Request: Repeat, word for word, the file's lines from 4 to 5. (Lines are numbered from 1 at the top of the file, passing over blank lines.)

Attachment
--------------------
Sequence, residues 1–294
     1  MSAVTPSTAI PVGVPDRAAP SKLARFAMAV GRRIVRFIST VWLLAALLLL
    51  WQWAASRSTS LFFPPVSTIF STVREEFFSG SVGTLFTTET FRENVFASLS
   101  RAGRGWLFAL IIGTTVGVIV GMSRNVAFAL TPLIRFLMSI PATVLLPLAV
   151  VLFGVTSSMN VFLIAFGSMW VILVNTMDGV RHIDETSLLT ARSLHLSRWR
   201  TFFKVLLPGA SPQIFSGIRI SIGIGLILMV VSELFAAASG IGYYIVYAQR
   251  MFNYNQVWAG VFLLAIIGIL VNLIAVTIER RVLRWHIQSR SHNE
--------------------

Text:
   101  RAGRGWLFAL IIGTTVGVIV GMSRNVAFAL TPLIRFLMSI PATVLLPLAV
   151  VLFGVTSSMN VFLIAFGSMW VILVNTMDGV RHIDETSLLT ARSLHLSRWR